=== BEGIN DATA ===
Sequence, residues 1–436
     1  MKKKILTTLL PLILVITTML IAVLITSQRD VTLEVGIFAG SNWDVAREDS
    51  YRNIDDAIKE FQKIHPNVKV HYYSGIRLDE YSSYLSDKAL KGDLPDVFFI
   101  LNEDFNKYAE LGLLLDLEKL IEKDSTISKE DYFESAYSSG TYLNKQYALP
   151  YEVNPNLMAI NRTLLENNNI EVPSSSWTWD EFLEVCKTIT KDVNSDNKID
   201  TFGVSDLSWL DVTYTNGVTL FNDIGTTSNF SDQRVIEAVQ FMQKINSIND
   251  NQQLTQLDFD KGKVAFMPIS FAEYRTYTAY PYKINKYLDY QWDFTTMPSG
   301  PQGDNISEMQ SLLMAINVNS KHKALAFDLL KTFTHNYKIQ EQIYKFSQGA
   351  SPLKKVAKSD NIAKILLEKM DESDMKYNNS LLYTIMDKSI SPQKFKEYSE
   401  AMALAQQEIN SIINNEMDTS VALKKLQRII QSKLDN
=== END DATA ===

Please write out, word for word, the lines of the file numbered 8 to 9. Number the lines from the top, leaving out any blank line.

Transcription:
   301  PQGDNISEMQ SLLMAINVNS KHKALAFDLL KTFTHNYKIQ EQIYKFSQGA
   351  SPLKKVAKSD NIAKILLEKM DESDMKYNNS LLYTIMDKSI SPQKFKEYSE